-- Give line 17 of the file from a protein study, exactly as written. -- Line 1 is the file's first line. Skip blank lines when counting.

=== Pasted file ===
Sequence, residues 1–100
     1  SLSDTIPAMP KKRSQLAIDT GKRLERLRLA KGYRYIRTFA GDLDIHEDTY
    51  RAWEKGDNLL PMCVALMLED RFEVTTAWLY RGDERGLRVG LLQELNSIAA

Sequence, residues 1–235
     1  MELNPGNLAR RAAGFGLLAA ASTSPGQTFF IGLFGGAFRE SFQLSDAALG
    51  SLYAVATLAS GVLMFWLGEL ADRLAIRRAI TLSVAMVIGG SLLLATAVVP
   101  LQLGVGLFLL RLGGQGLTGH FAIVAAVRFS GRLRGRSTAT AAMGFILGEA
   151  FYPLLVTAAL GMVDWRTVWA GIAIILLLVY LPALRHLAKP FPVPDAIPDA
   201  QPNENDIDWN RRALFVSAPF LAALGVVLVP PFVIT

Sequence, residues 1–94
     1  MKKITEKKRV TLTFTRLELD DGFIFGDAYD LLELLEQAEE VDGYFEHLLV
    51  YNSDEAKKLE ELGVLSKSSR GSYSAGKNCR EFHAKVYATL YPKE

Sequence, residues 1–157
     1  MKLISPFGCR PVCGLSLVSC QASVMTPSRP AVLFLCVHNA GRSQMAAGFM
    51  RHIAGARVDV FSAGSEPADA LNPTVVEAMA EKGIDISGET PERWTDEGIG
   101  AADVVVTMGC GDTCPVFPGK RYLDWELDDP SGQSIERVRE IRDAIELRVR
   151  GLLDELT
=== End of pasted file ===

   151  GLLDELT